“The Things They Carried”
“The Things They Carried” tells about the side of war that you don’t read about in history books. The author, Tim O’Brien, does outline with great detail what the soldiers in this specific battalion carried, but in a way that you don’t normally read or see. O’Brien does list off the necessity items (can opener, pocket knife, mosquito repellant, etc.) but he also tells what each individual soldier carries because they are just that, individuals. No two have all the same items for the same reasons, each mans pack and artillery is tailored to suit his individual needs.
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It’s this detail that helps this story stand out from the history books. We are told why each man carries certain things and this helps us to connect with the men on a personal level. We follow as Cross looks for comfort in the letters from Martha and eventually realizes that he is searching for something that probably isn’t there and destroys them along with the photographs of her.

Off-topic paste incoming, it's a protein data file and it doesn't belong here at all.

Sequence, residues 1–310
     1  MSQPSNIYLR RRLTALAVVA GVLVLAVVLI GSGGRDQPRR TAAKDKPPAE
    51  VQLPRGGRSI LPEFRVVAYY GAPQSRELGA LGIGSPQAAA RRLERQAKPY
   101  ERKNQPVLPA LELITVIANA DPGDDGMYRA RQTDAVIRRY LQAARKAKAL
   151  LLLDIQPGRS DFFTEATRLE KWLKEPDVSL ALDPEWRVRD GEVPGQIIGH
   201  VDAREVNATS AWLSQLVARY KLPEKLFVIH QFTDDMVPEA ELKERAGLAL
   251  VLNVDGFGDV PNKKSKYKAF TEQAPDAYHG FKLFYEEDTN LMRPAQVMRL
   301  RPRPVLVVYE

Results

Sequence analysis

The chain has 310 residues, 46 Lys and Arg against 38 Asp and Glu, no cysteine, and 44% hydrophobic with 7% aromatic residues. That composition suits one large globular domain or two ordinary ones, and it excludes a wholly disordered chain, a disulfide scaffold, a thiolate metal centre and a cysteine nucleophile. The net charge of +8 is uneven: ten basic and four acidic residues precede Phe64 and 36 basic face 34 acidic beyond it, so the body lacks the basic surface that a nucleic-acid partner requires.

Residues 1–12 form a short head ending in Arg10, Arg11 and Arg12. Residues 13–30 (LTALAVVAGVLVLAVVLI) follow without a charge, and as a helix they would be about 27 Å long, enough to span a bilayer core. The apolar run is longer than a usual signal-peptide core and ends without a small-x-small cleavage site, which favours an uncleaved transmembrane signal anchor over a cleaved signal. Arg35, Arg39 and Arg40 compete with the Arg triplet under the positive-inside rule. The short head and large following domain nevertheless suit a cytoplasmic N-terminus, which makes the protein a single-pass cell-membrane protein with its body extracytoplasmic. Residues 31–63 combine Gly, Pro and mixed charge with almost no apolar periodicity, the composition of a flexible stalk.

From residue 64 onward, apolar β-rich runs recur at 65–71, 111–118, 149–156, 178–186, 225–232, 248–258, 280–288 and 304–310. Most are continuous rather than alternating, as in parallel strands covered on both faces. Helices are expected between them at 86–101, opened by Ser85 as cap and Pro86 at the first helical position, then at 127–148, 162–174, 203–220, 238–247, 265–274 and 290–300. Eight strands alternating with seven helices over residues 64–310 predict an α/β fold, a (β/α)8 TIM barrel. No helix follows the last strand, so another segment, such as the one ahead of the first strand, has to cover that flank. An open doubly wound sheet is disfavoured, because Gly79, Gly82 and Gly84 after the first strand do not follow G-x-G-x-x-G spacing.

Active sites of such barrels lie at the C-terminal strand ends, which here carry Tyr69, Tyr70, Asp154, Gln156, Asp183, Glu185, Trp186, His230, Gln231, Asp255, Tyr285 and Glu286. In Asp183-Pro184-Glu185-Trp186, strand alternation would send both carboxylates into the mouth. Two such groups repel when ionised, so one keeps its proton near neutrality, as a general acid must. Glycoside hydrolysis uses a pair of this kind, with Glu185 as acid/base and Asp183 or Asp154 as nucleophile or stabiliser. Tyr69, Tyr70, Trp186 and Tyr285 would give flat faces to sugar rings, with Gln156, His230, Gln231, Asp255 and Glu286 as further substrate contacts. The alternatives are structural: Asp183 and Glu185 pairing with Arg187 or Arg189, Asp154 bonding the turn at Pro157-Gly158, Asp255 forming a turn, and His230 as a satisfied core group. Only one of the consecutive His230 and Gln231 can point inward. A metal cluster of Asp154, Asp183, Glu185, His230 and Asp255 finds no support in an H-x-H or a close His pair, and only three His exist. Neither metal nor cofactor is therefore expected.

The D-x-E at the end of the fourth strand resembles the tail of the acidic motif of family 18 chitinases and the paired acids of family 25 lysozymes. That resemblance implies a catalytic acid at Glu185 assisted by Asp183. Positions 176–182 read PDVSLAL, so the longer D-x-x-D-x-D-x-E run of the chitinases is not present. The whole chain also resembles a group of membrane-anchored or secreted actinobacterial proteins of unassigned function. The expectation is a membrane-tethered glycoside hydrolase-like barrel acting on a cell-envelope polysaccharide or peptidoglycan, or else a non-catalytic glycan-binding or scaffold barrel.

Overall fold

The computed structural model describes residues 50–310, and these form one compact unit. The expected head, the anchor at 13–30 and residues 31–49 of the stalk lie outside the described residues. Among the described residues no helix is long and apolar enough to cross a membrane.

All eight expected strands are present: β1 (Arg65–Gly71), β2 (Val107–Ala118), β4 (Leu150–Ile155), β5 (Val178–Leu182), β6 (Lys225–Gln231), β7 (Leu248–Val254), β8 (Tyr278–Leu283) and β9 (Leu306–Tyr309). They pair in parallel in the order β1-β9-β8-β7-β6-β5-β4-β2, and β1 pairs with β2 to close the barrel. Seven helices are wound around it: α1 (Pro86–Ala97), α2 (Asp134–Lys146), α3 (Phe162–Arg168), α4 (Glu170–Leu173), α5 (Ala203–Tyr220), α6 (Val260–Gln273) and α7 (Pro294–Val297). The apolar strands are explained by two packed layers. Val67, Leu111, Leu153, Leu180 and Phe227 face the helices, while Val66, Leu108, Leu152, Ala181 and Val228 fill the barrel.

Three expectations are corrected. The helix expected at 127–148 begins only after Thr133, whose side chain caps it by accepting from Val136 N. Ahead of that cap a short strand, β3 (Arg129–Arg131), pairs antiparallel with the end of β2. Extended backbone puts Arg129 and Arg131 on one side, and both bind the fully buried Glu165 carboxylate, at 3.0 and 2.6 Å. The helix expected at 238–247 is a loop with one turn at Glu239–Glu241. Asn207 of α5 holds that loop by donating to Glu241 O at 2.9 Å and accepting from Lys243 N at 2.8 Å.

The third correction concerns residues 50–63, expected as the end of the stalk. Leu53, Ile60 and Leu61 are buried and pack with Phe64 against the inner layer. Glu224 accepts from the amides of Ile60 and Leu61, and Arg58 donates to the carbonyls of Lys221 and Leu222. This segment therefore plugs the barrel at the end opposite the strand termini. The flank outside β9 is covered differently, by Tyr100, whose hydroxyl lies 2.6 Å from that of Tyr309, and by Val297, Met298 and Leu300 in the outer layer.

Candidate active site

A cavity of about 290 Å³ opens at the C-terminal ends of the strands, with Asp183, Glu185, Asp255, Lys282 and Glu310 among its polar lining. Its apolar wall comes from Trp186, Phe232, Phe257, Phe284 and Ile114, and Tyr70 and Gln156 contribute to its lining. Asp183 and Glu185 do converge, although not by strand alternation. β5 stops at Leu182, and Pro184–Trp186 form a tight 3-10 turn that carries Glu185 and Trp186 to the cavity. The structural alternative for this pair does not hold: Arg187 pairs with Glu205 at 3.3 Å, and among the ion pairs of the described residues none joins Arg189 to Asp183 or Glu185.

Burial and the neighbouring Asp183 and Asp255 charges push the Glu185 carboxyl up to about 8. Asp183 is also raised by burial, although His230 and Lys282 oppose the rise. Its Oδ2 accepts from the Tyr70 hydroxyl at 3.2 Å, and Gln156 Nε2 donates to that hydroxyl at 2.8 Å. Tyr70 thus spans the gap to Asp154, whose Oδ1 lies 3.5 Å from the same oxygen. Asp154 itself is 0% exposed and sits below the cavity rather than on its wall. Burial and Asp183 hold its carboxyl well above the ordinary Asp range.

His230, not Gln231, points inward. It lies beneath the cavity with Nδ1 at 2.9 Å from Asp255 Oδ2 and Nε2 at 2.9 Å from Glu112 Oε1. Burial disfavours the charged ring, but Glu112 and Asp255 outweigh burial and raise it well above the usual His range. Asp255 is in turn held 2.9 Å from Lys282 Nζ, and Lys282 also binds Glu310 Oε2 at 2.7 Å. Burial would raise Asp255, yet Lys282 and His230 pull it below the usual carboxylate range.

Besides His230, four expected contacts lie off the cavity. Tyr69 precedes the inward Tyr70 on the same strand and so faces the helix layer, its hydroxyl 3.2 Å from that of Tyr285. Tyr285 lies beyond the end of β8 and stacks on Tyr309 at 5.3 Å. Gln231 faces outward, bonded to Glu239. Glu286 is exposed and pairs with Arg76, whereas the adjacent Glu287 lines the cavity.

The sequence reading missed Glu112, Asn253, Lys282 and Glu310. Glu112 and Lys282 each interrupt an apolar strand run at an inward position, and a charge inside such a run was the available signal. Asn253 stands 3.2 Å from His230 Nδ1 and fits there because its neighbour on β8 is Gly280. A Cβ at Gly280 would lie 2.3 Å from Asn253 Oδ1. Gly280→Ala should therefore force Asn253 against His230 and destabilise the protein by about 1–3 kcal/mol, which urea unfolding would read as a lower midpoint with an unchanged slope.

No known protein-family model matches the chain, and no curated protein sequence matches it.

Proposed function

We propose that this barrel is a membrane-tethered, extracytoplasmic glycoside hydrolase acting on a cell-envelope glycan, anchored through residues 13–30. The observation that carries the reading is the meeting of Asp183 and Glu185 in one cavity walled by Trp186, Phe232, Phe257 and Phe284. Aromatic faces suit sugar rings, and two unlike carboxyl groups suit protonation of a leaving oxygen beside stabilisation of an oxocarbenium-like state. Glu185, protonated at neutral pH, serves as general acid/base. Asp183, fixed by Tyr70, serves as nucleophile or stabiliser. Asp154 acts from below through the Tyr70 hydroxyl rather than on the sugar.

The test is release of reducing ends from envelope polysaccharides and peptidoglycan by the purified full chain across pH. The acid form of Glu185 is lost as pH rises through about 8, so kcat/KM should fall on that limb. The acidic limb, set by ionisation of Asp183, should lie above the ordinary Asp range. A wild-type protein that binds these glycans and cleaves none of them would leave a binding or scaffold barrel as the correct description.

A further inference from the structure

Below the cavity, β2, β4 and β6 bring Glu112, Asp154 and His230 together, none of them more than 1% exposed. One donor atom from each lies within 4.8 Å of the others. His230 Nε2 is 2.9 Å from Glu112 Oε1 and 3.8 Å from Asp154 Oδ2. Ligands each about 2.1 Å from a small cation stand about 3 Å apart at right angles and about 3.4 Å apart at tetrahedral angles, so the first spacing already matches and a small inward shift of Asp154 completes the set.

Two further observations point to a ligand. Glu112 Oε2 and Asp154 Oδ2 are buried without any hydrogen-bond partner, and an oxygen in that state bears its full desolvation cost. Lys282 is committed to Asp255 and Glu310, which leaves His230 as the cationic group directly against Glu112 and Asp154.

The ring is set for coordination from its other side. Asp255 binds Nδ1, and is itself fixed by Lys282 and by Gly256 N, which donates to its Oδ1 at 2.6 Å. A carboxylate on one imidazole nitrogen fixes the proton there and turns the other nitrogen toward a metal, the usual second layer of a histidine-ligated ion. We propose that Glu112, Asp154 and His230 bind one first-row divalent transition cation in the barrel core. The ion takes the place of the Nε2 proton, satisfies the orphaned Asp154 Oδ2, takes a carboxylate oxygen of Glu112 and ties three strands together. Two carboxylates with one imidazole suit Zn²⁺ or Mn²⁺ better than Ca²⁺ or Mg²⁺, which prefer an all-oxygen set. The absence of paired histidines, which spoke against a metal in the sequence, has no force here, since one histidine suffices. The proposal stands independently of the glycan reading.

What I take away from this story is that war is very impersonal and at the same time very individualized. Each man contributes something different and has his own habits, but in the grand scheme his individualism means nothing. He is just another body. If a man gets too caught up in his daydreams and thoughts he loses focus and puts others in danger. Lieutenant Cross feels responsible for the death of Lavender because he was not focused on what he was doing at the time that he was shot. Because of the guilt he realizes that he must not get caught up in the fantasies of he and Martha being together or he will continue to put men in danger. He burns the letters and photographs and becomes “determined to perform his duties firmly and without negligence.”
I enjoyed this story and the very in depth, personal look it gives of a war the many believed to be fought in vein. The main character is well developed for a story that is less than fifteen pages long. Lieutenant Cross goes through a major change and comes out a different, perhaps better soldier for it.